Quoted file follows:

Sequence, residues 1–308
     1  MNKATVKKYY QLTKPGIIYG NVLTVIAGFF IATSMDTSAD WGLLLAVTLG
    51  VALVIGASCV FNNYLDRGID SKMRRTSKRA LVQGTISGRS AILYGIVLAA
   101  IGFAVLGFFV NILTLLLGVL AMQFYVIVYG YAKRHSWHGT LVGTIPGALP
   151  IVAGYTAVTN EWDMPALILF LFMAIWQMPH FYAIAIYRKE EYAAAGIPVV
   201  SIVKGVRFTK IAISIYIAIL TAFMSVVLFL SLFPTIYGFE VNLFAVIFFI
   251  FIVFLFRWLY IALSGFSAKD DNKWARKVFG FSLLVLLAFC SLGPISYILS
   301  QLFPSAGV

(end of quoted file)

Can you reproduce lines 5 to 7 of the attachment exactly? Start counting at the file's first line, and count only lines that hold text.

   151  IVAGYTAVTN EWDMPALILF LFMAIWQMPH FYAIAIYRKE EYAAAGIPVV
   201  SIVKGVRFTK IAISIYIAIL TAFMSVVLFL SLFPTIYGFE VNLFAVIFFI
   251  FIVFLFRWLY IALSGFSAKD DNKWARKVFG FSLLVLLAFC SLGPISYILS